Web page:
To accomplish this signature, the Phantom's tone is neither particularly warm, nor bright; its midrange is only lightly warm, with a beautifully controlled touch of sparkle. As should be expected, its vocal presentation is exceedingly natural; slightly forward, and full-bodied. A sufficiently dense and 3D vocal presentation, with a more neutral lower midrange compared to Zeus. And despite the natural tone, providing excellent vocal transparency. In sum, a vocal presentation that isn't intended to favour either male or female vocals, but excel with either. Finally, while technical monitors (e.g. ES80, S-EM9, Samba, or NT6pro) pair their high resolution with a leaner sound, the Phantom was designed to construct full-bodied instruments by finding the right balance between the midrange and treble, rather than creating a thicker sound from enhanced bass.

    The bass itself falls in line with IEMs as the 5-Way and ES80. Rather than enhancing mid-bass to increase the quantity, the primary focus was on improving its bottom-end extension. By drawing on extension for power, the Phantom provides a clear, impactful punch for kick-drums, with a subtle lift in its mid-bass to increase its body, and provide a natural tone. It’s a tuning that takes the crucial role of the bass throughout the presentation into account: controlling mid- and especially upper-bass improves its transparency, and opens up its stage. By relying on proper extension rather than quantity, the stage remains clean and airy, which benefits the separation and precision of layering.

    Ph3.png

    Accordingly, the Phantom creates a vast, three-dimensional stage with equal proportions in width and depth, and pinpoint precise imaging. In overall size, the Phantom's stage might be similar to an IEM as Zeus or the 5-Way, but improves in airiness, resulting in a more open, spacious feel. The excellent and linear top-end extension plays a prominent role here, but the bass tuning certainly helps. Despite the lightly warm timbre of its instruments, the Phantom sounds clean, and highly detailed. Still, this is a bass designed to accompany the music, rather than steal the show - those prioritising bass should look towards the Legend. Nevertheless, it's a bass that should be sufficiently engaging for the rest of us.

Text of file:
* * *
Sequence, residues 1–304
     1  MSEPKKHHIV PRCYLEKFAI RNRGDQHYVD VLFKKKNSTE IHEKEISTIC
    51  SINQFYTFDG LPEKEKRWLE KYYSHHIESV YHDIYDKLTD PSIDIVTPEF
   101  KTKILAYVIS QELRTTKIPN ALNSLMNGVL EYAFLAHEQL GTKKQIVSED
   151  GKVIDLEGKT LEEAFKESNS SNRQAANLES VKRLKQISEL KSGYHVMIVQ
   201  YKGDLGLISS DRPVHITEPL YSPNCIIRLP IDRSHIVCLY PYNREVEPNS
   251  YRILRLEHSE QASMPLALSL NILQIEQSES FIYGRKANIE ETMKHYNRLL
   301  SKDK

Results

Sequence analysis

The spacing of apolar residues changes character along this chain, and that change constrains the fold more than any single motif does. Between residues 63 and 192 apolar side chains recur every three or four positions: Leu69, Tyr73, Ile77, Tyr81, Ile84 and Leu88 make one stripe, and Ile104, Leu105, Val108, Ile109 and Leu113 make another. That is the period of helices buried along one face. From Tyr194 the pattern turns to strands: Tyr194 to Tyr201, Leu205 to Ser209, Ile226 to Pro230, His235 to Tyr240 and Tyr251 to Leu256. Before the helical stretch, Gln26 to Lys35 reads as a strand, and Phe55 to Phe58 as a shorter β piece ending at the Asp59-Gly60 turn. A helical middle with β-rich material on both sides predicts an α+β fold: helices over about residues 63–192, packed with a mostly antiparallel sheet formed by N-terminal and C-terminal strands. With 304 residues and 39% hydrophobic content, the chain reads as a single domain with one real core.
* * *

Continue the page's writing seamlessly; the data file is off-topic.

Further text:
But more than anything, the Phantom is a chameleon that shapes itself according to the track. Its stage dimensions, transparency, and bass will display high levels of variation according to the original recording. The only other IEM with similar characteristics is the 5-Way, but the Phantom is even more explicit due to its cleaner presentation. You can play one song and feel that the stage is intimate, congested even, often with older recordings or poorly mixed tracks. Then switch to the next track, and feel a surge of fresh air flowing through the stage, pushing its dimensions wide open. Similarly, the quantity and impact of the bass will vary based on the recording. When a song portrays a deep-reaching rumble the Phantom will display it, but it can just as easily stay in the background when required. I'm not touting this as a strength, and it certainly wasn’t intended; it's just an interesting phenomenon to take into consideration.

    Source and tips

    Generally speaking, the Phantom can be considered as having a lightly warm tuning with a tilt towards naturalness, combined with a spacious stage and high resolution. But overall, it's delicately balanced, and perceived as fairly linear. So subtle variations in bass, due to tips for instance, can shift its sound from warm and natural, to a more neutral or even bright signature, relatively easy. In a similar vein, it is equally transparent to the source, and will reflect its signature. Both my Sony and AK are on the warmer side, portraying the Phantom with a warmer than neutral signature. With the Lotoo Paw Gold, the Phantom becomes more neutral, with a clear and more stimulating signature reflecting the inherently more energetic LPG. So when using a brighter source, the Phantom will reflect that, trading more of its naturalness for an increasingly detail-oriented signature.